What caught our attention….

Chris Forrest – Senior Partner

Sovereign Wealth Partners


Recently we listened to Chris Watling of Longview Economics.  

The thing which caught our attention was good old-fashioned monetary theory. It seems that the vast majority of the market drank the cool-aid view that high inflation was solely caused by COVID induced supply disruption and was therefore transitory. 

This wasn’t entirely untrue, until it was. As reserve banks maintained ultra-low interest rates whilst governments pumped record levels of support money into their economies (which were brought to a near standstill by the pandemic), the tinder box was built waiting for the spark to come along. That spark was Russia declaring war on Ukraine. 

But some monetarists were onto the risk in advance of this: 

“I have argued that an annual rate of US consumer inflation of between 5% and 10% is to be expected until the end of 2022. The reason is that the American economy has a monetary overhang from the almost 35% growth of the quantity of money in the two years to mid-2021. Even if inflation does eventually (in 2024 or 2025?) drop back to 2%, that surely stretches the notion of “transitoriness” to silliness…. In qualification, upward pressure on inflation is less pronounced in the Eurozone and the UK than in the USA, and wealth still in Japan than in Europe.”. 

Source: Institute of International Monetary Research, https://mv-pt.org/monthly-monetary-update/ September 2021 

Reserve banks are now onto this.  

So what now?  

Money supply peaked in the US around March this year and has been contracting since. The important lines in this chart are M1 and M2. 


What does this mean? Quite simply, money on issue is shrinking. What we know is that monetary policy works with long and variable lags and so the actions today will be reflected in time. The contention is that between shrinking money supply and raising rates, the US Federal Reserve will overachieve and drive the US into recession – the only question is how deep. (Market volatility suggests this unknown is keeping traders awake at night).

How does it work?

The transmission mechanism goes something like this: monetary conditions tighten then financial conditions tighten then credit (lending) conditions tighten and, if conditions are tight enough, recession occurs. This may take up to a year to hit in the United States and, hitting the largest economy means it will impact the world economy. We’ve all heard the expression “If America sneezes, the world catches a cold.”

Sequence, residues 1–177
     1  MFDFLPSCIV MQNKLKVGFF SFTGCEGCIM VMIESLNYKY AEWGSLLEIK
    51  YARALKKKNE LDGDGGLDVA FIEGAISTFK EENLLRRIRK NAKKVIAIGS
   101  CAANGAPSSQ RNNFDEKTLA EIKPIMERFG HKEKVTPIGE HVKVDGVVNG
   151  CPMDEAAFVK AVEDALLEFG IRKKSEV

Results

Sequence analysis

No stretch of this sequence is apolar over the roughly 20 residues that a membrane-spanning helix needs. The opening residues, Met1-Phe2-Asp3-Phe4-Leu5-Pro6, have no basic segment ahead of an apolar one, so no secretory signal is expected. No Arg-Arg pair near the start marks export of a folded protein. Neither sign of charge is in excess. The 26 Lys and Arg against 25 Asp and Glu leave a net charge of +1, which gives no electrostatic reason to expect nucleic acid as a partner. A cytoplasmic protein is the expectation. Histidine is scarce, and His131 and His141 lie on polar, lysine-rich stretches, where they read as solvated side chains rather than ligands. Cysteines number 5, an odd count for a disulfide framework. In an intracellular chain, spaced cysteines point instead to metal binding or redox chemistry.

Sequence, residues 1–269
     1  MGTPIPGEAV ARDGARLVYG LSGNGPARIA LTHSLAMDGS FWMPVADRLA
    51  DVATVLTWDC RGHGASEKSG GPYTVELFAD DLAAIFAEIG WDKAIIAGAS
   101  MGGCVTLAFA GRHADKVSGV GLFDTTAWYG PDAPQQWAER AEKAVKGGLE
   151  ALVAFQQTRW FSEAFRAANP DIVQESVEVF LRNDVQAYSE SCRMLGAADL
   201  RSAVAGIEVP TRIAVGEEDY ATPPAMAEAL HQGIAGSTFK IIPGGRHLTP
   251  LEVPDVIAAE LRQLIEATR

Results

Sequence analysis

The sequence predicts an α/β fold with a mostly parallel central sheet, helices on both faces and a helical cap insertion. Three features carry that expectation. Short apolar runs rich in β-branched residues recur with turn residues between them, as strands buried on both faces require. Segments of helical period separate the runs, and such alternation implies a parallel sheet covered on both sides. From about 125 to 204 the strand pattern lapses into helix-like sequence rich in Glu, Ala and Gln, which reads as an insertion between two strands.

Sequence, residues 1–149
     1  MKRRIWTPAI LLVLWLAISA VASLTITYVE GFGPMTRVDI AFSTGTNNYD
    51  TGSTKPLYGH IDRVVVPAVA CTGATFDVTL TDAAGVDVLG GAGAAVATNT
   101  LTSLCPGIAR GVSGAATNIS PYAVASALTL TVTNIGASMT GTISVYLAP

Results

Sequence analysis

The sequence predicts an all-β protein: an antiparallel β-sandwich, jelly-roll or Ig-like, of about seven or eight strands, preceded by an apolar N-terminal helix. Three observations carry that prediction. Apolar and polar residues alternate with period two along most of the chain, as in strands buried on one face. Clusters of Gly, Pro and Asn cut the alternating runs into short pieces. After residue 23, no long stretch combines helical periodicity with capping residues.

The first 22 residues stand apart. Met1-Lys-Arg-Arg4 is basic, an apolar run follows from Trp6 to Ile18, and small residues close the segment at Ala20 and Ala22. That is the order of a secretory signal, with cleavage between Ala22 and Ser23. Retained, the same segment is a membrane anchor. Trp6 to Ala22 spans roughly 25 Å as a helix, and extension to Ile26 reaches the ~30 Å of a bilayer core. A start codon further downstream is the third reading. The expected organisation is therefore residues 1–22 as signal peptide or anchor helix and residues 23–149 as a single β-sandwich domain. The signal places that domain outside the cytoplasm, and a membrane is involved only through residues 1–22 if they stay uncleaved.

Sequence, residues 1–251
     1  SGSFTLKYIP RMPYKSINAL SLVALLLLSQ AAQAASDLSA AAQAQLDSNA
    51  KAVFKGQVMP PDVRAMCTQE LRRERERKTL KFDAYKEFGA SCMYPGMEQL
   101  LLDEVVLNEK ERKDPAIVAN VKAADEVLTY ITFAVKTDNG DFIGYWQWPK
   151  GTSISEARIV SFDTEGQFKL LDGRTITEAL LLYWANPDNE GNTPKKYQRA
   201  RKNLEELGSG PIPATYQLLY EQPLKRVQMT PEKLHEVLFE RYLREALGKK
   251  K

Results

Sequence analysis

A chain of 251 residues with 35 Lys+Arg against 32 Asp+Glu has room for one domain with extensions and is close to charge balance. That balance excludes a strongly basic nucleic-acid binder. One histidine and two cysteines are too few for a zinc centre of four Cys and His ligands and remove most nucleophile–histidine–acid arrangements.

So will reserve banks overcorrect? Will they compound their errors? Perhaps. The governor of the federal reserve said just a month ago “Money supply data doesn’t have a big message for monetary policy” – or does it? If indeed he is wrong, the US may have more than a shallow recession. Based on his hawkish tone, the trajectory isn’t changing anytime soon.

What about Australia?

The Reserve Bank of Australia’s preferred published measures are M3 and broad money, other measures of the monetary base. They also publish it in terms of growth rather than absolute levels. For the purpose of this article, it illustrates the same point.


It’s clear the money base expanded significantly in 2020/21 in response to the pandemic as did credit on a lagged basis. At the very end of the chart, money supply growth is just rolling over. If the RBA keeps tightening conditions, we can expect to see credit roll over as well.

To the point of credit conditions tightening, the following chart shows housing credit growth has already started to slow but business is yet to react. The consumer is the first responder and we expect business to follow in short order.



Australia is lagging the US and our Reserve Bank may not have to do as much to have the desired impact. Whilst the RBA didn’t utilise quantitative easing anywhere near the scale of the US, a decline in the growth of money supply is likely to stymie the economy and have an impact on inflation in tandem with tighter interest rate policy and fiscal policy.

Another key point worth remembering is a key difference in the transmission mechanism of interest rates. US mortgages price off the 30 year rate which means interest rates may have to go higher before they have an impact. By contrast, Australian mortgages are priced off the cash rate and so rate rises are felt almost immediately.

The bottom line is this: reserve banks probably won’t navigate this as well as we would like and may overtighten monetary conditions. This will impact the economy and jobs and so investors should be judicious and patient waiting for opportunities to present themselves.



M1 = money supply including cash, currency demand deposits and other liquid deposits.

M2 = M1 plus “near money” which can be savings deposits, money market securities and other deposits. These assets are less liquid than M1. (Quantitative activity would be captured in M2).



Like This